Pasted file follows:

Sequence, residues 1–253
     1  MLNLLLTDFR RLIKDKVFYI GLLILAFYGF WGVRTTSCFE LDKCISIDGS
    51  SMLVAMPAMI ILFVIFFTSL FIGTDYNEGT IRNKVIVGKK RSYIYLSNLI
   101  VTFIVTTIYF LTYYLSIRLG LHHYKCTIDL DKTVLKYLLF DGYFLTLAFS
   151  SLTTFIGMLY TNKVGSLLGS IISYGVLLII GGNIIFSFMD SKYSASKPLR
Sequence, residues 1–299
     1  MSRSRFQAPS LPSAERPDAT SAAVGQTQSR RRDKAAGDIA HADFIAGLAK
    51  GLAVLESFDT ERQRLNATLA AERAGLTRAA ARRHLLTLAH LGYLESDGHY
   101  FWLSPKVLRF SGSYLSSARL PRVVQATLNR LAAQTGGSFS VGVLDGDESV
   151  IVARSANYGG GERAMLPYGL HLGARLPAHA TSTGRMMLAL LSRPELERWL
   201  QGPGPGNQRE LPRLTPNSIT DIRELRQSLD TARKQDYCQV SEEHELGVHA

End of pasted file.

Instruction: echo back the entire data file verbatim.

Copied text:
Sequence, residues 1–253
     1  MLNLLLTDFR RLIKDKVFYI GLLILAFYGF WGVRTTSCFE LDKCISIDGS
    51  SMLVAMPAMI ILFVIFFTSL FIGTDYNEGT IRNKVIVGKK RSYIYLSNLI
   101  VTFIVTTIYF LTYYLSIRLG LHHYKCTIDL DKTVLKYLLF DGYFLTLAFS
   151  SLTTFIGMLY TNKVGSLLGS IISYGVLLII GGNIIFSFMD SKYSASKPLR
Sequence, residues 1–299
     1  MSRSRFQAPS LPSAERPDAT SAAVGQTQSR RRDKAAGDIA HADFIAGLAK
    51  GLAVLESFDT ERQRLNATLA AERAGLTRAA ARRHLLTLAH LGYLESDGHY
   101  FWLSPKVLRF SGSYLSSARL PRVVQATLNR LAAQTGGSFS VGVLDGDESV
   151  IVARSANYGG GERAMLPYGL HLGARLPAHA TSTGRMMLAL LSRPELERWL
   201  QGPGPGNQRE LPRLTPNSIT DIRELRQSLD TARKQDYCQV SEEHELGVHA